Louise Zammit: Louise is extremely passionate about having a voice and providing information for people with disabilities. “Born with spina bifida, I am a strong advocate for sharing ideas and information and getting my story out there so that the wider community can gain a better understanding of what it is like to have a disability.
“I want an opportunity to spread that message. I have faced many barriers getting out into the community and workforce due to travel costs as I don't drive and also finding a workplace that is accessible. Oi is a platform that people with a disability can not only find information, resources and tools but have a voice and choice.”
Sarah Hyland: Lifestart Director Sarah Hyland and her husband Adam have three children: Leo aged 10 years and twin girls Peggy and Lizzy who are five. Two of their children have disabilities. Leo has Asperger Syndrome and Lizzy has Down syndrome.
“We have engaged with Lifestart since the twins were six weeks old and have accessed most every service provided by the Lifestart organisation. From Hanen speech courses, to behavioural management and toileting strategies as well as weekly session around gross motor, fine motor and literacy skills, we accessed services, programs and information – whatever we could find.”
Sarah felt so strongly about advocacy, information and the importance of early intervention, that she joined the Lifestart board in December 2013 and wants to ensure that information is easily accessible to all.
Robyn Ryan: Robyn is very passionate about ensuring that information and support is easily available to people with a disability, their family and friends. “I have been living with my spinal cord injury for 39 years as a result of being a passenger in a fatigue related motor vehicle accident. At 17 I became paraplegic and I have been using a wheelchair for mobility ever since.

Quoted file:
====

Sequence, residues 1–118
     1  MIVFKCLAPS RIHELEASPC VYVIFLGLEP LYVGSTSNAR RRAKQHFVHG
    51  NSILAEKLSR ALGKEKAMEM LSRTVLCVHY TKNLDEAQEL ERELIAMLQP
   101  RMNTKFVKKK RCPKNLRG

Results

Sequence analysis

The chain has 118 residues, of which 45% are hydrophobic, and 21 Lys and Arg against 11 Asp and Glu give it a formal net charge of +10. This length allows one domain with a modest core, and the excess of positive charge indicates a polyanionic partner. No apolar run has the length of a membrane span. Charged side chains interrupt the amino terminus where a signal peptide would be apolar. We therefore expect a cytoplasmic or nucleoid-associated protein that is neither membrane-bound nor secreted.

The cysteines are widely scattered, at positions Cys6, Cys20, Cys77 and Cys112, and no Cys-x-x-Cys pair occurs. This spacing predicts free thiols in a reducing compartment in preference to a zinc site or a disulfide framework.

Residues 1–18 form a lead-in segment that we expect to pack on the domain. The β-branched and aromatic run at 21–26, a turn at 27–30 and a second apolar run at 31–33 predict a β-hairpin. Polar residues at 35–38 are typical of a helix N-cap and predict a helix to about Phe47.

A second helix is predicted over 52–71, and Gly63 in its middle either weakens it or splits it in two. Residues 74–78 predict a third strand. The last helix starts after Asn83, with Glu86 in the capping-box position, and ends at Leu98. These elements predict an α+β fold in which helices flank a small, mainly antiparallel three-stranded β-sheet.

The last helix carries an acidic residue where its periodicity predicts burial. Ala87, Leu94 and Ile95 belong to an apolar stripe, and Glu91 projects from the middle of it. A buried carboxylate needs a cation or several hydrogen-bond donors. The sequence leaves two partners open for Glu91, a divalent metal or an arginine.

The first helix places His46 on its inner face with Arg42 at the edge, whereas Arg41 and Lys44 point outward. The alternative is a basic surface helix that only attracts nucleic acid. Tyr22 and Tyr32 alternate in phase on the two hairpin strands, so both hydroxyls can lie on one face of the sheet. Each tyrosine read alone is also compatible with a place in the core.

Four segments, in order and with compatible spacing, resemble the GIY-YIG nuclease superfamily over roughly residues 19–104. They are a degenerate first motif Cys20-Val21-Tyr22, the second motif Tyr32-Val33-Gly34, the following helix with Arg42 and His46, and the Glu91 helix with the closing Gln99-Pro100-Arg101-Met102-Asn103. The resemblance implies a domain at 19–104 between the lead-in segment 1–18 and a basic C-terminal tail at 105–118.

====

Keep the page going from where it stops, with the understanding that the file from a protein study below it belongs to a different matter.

“In the first couple of years following my injury, life was an emotional roller coaster ride, not only for me but also for my immediate family. As I came to terms with the changes in my life I realised that disability related information, family and peer support were the things that were going to help me get through and back to living an independent life. Post injury I was living with my family in regional NSW, in the years long before the world wide web and Facebook, so information, specific medical advice and peer support were not easily available.
However I made it! I have done most of the things that people my age have done – I have studied, married, had two children and I am currently working in the disability sector. Due to my life experiences, being an Ambassador for Oi enables me to feed my passion; I can direct people to the Oi website where they can connect to resources and find support.
Mark Tonga: In his early twenties, Mark started the long journey of fifteen years of self-empowerment through continual part-time study of mature age literacy and numeracy courses, TAFE for matriculation, then the University of Technology to eventually achieve a Bachelor of Business (Accounting).
In 2008 Mark suffered a catastrophic sport injury. He was immobilised from the neck down and suddenly he had to adjust from being ’10 foot tall and bulletproof’ to learning how to breathe (sometimes with a machine), to be fed, to communicate, to somehow be depend on others without being dependent. His grittiness, ‘can-do’ optimism and continual focus on others have turned this around. His community contribution is not just from his example of resilience but what he achieves for others.
Wendy Harris: Wendy holds a great belief about representing, promoting, engaging, sharing and volunteering in the disability sector to enhance the lives of others with a disability or those connected with disability. Having acquired a spinal cord injury that left her a quadriplegic in a car accident when she was a child, she uses her knowledge as a trainer educating carers in spinal cord injury care.
Wendy describes herself as a social person who enjoys a good murder mystery, loves genealogy and cooks a great curried apricot chicken.
Wendy is eager to spread the word on the Oi platform, “As I work in the sector I am close to a lot of new and emerging information on disability, so am usually able to source out what I personally need but I can understand the difficulty in trying to source information on disability for others that do not have the same resources as me. All areas can be difficult to find out about if you don’t have the resources to research. Quite often disability is the last thing organisations (particularly private), the wider community and the media give consideration to.”